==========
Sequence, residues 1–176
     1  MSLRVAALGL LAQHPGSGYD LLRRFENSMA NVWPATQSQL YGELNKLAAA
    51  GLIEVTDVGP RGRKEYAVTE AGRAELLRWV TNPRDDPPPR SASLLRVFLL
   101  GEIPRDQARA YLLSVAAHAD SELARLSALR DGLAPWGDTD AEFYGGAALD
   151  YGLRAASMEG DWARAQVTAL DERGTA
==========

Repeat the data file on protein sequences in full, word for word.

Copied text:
Sequence, residues 1–176
     1  MSLRVAALGL LAQHPGSGYD LLRRFENSMA NVWPATQSQL YGELNKLAAA
    51  GLIEVTDVGP RGRKEYAVTE AGRAELLRWV TNPRDDPPPR SASLLRVFLL
   101  GEIPRDQARA YLLSVAAHAD SELARLSALR DGLAPWGDTD AEFYGGAALD
   151  YGLRAASMEG DWARAQVTAL DERGTA